Brooklyn Boro

Protestors call for Bratton’s ouster

August 1, 2014 By Matthew Taub Special to Brooklyn Daily Eagle from Brooklyn Brief
DANETTE CHAVIS, WHOSE SON DIED DUE TO POLICE CONDUCT IN 2004, LED THE PROTEST (PHOTO BY MATTHEW TAUB)
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Responding to continuing instances of police brutality leading to the injury and death of everyday residents, dozens of protestors gathered in front of the Adam Clayton Powell State Office Building in Harlem Wednesday evening to call for Police Commissioner Bratton’s ouster.

“Offering ‘retraining’ for these officers minimizes the gravity of the problem,” said Danette Chavis, whose son died due to police conduct in 2004. The retraining she referenced is a response to the recent case of Eric Garner, who was killed in Staten Island while being subdued by an illegal chokehold by police officers.

“These officers should be criminality prosecuted with same swiftness that average citizen is arrested and prosecuted with a crime,” she said.  “There’s never a delay of justice on our end. If there was a video of one of us doing something like this, you can bet there would be charges. The same fate should await these officers.”

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The Answer Coalition, National Action Against Police Brutality, Copwatch Patrol Unit, Harlem Community Watch, NYS Blacks in Law Enforcement, Parents Against Police Brutality, Brothers and Sisters Who Care and a range of individual activists and concerned citizens organized the gathering. A significant police presence — both uniformed officers and community watch units — encircled those who gathered.

“The mayor has to own up to the fact he made a grave mistake in reappointing Bratton,” Chavis said.

The commissioner previously served in his position in the 1990s and is considered part of the inspiration for the “broken windows” theory of crime prevention, targeting minor offenses to improve the experience of city life.

Many residents support the policy, but recent events have shown how targeting minor offenses can lead to drastic consequences — Eric Garner, for example, was targeted for illegal selling individual cigarettes on a street corner, a relatively minor, non-violent offense.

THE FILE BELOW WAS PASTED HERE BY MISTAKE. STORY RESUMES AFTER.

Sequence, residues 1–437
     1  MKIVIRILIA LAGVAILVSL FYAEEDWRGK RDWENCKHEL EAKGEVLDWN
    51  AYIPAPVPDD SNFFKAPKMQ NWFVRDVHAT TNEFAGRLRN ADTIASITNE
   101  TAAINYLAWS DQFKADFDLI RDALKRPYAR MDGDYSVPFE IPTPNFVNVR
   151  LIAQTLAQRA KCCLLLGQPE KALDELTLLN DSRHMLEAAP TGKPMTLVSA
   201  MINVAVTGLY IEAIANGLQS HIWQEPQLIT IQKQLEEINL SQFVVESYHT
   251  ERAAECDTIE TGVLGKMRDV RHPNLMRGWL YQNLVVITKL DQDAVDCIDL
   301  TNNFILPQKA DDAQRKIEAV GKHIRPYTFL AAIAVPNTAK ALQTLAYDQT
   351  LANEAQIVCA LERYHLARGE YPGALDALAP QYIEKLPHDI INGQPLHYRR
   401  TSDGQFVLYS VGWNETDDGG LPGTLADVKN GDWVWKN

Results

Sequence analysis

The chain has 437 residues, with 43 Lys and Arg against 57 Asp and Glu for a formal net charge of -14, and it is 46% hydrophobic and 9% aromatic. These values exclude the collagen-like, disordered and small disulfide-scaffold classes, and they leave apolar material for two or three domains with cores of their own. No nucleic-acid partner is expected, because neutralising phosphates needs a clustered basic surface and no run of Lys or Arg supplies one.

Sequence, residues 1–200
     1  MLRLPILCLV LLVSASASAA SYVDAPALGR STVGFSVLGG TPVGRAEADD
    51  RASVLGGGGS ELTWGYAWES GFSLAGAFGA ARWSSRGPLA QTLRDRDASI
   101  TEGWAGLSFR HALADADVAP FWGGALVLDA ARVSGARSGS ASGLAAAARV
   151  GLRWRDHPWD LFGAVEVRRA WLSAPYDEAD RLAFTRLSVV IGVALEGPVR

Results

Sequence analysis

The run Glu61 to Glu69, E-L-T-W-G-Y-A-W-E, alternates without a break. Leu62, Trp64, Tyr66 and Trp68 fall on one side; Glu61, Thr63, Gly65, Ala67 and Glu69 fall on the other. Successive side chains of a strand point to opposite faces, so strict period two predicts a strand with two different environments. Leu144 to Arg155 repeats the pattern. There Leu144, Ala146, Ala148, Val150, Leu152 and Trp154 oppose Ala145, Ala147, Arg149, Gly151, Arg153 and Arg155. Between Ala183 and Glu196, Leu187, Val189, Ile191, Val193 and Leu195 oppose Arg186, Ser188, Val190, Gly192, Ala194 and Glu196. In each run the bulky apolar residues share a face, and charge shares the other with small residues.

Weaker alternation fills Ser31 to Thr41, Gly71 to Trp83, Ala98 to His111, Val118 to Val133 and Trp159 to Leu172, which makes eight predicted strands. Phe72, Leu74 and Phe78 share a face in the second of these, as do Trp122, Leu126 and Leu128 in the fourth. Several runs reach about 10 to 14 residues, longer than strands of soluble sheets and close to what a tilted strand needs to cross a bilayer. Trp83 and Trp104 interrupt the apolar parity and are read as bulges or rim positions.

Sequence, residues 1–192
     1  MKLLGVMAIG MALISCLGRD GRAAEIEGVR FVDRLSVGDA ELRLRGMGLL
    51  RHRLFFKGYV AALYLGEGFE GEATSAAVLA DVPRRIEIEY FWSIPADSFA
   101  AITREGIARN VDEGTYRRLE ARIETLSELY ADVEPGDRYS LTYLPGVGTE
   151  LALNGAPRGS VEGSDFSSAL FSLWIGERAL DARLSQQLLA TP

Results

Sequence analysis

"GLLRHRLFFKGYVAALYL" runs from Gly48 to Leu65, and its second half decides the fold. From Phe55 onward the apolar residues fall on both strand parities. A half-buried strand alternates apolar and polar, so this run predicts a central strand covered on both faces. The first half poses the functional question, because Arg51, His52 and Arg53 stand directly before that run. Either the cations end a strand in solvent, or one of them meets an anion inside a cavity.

At the same time, despite her call for Bratton’s ouster, Chavis held onto hope that the commissioner would make things right.

“The Commissioner need not wait — he can take action now to show he takes our concerns seriously,” she said.

But that would also mean an end to the practice of using chokeholds, already forbidden police procedure that was again used on a seven-months pregnant woman in East New York Saturday in a dispute over a barbecue.

Carlton Berkley, a retired NYPD detective who worked in the department for 20 years, advised that chokeholds were declared off-limits as early as 1984 when he first joined the force, spoke out on the recent violence.  The bystanders’ video, photo and audio is the only reason officers are increasingly unable to fabricate a story to justify their conduct.

“Bratton is claiming that bystanders taping, recording and asking for badge numbers is making officers ‘excited,’” Berkley said.  “Is he serious? Read your own policy. Onlookers have the right to observe, to ask for shield numbers, to take photos. You can bet that if there was no video of Eric Garner, they would have claimed he tried to swing at the officers.”

Berkley added that he voted for de Blasio in the last election and still wants to “give him a chance,” but that Bratton is “leaving black and Hispanic law enforcement out of the discussion, where they could lend valuable insight.”

Kirk Patrick, president of Harlem Community Watch, also spoke out about police violence.

“I’m tired of the cops beating up people. First it was 41 shots, then it was 50 shots,” Patrick said, referencing two previous police-related deaths, Amadou Diallo and Sean Bell. “Now it’s a chokehold. They’re lynching us. This has to stop now.”

 


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